Castro Attempting to Unite Cuba


Cuban Peso – CUP (left) and Cuban Convertible Peso – CUC (right)

By: Abby Belongy

Cuba’s dual currency system has been stratifying people since it was implemented after the fall of the Soviet Union two decades ago.  Originally intended to protect Cuba from capitalism, the Cuban convertible peso (CUC) is equivalent to the U.S. dollar.  Tourists and the wealthier islanders use CUCs.  The majority of Cubans, however, earn the other form of currency, the Cuban peso (CUP).  This is worth only about 4 cents – 25 times less than that of the convertible peso.

Cubans have long complained about the dual system.  Most Cubans can only earn CUPs but can only buy imported goods with CUCs.  This leads to the rich accumulating more and more material goods while the poor struggle to purchase basic necessities.  Interestingly, a hotel clerk could also earn a much larger salary from tourists’ tips than a doctor who treats national patients.

On October 29, 2013, President Raul Castro announced an 18-month plan to unify Cuban currency into a single Cuban peso.  Castro hopes to improve and open up the Cuban economy with a fairer and less complicated system.  Most people currently earning CUPs embrace this decision.

However, Castro has not provided many details on how such a complicated process will work.  Although most want a unified system, economists worry about the practical issues.  Eliminating the two-tiered system could drive up inflation and cause public turmoil.  State-run enterprises will also suffer, as right now government treats the CUP and the CUC as equal in official accounts – a huge financial incentive.

This step could show Cuba warming up to the rest of the world and attempting to come out of isolation, though Castro insists this process is necessary for Cuba’s survival as a socialist state.  If executed methodically and carefully, the unified system could make a huge impact on marginalized people in Cuba.  The poor majority can improve quality of life and have a chance to “catch up” to the elite.  On the other hand, the elimination of one of the pesos could shock the economy and bring even more economic turmoil to already struggling citizens.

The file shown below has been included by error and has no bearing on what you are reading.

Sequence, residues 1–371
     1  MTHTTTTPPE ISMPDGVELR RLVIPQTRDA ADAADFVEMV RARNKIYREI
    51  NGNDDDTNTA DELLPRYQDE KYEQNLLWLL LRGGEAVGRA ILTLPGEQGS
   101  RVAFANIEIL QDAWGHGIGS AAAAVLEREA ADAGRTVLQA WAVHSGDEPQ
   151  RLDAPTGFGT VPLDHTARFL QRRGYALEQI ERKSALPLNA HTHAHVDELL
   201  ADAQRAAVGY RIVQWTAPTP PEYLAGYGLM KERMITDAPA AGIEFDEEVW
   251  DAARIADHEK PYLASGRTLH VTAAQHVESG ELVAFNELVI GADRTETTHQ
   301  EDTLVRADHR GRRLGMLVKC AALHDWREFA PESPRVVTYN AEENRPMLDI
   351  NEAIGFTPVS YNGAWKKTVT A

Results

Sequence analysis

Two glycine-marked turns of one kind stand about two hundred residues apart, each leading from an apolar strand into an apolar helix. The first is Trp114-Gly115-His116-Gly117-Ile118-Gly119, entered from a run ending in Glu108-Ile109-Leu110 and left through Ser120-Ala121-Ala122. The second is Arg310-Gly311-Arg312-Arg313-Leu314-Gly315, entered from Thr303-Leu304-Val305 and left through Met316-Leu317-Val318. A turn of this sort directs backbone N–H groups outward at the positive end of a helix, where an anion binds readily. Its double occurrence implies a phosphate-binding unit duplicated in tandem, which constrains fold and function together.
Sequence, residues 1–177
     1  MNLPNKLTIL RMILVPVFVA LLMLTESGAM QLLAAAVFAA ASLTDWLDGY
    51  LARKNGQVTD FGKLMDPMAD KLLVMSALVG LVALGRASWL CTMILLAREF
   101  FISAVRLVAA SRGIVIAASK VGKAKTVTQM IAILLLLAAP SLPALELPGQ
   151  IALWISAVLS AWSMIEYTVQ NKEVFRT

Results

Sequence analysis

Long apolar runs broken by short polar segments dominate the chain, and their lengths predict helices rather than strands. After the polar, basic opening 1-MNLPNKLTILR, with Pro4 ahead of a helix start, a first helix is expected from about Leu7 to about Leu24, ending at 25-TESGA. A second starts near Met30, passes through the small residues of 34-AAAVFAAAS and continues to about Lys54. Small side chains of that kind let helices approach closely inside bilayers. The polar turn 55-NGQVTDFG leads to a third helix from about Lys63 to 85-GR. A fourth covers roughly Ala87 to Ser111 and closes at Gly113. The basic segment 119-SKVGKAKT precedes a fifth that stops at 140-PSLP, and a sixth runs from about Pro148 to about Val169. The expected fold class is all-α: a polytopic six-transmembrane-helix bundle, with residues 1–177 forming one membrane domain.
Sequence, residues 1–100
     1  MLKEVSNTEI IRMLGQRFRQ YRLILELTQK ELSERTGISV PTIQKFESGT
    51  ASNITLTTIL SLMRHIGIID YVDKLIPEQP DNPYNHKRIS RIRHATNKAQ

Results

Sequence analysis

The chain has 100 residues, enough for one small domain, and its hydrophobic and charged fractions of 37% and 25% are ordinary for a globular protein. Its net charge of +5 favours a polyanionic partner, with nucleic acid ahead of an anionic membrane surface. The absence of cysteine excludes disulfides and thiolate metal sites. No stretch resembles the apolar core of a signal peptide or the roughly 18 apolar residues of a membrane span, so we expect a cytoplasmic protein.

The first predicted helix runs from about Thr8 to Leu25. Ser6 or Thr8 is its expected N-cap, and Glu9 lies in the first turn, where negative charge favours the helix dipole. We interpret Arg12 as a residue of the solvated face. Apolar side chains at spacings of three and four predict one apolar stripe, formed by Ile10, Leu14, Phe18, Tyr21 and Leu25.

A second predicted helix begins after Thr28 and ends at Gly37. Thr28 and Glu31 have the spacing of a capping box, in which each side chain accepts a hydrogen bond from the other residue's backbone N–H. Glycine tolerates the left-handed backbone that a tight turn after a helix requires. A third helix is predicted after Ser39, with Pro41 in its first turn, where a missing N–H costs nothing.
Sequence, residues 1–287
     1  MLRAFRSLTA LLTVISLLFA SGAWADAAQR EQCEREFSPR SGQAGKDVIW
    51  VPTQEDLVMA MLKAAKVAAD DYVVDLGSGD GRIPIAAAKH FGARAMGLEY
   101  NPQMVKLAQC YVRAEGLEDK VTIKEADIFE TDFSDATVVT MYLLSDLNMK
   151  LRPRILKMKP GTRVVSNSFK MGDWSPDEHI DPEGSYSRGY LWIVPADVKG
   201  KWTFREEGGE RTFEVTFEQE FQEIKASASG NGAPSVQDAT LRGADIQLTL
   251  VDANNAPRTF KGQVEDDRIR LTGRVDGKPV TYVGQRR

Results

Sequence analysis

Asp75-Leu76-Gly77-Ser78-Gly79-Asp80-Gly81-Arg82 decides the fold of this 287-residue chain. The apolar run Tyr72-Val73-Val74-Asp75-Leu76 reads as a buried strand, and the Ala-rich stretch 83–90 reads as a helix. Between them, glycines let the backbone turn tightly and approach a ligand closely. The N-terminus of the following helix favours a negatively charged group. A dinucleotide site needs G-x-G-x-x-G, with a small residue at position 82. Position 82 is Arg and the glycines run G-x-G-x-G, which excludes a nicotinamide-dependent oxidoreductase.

Read more on Cuba’s monetary system and plans:


Cuba Excels at Millennium Development Goals

The 8 UN Millennium Development Goals

By Abby Belongy

A majority of Americans seem to have a negative view of Cuba.  They see extreme oppression, poverty, and lack of development and globalization with the rest of the world. Because of this, most would be surprised to learn that Cuba has already met most of the UN Millennium Development Goals (MDGs) set for 2015.  The country’s infant and maternal mortality rates are some of the lowest in Latin America and the world,  respectively.  Additionally, all citizens have access to free public health and vaccinations.  With the blockade with the U.S. still going strong, Cuba is still increasing medical research, including AIDS/HIV prevention – one of the MDGs.

Cuba is also making strides in eradicating hunger and poverty, women’s equality, and increasing education for children.  UNESCO even ranked Cuba as 14th in the world for its high level of education.

While Cuba has accomplished some of the goals and is working toward others, many problems still exist.  Hunger and poverty have improved, but they are still far from good rates.  In February 2013, a Cuban delegate blamed some of these problems on the unfair global economy.  She asserted that countries in the South are affected much more negatively, and Northern cooperation and assistance is necessary to truly reach all the high goals and standards.

While Cuba reports that it has accomplished much on its own, it probably cannot progress much further without help from the U.S. and the rest of the developing world.  However, we aren’t likely to see that happen anytime soon.

Learn more about the mission of the MDGs: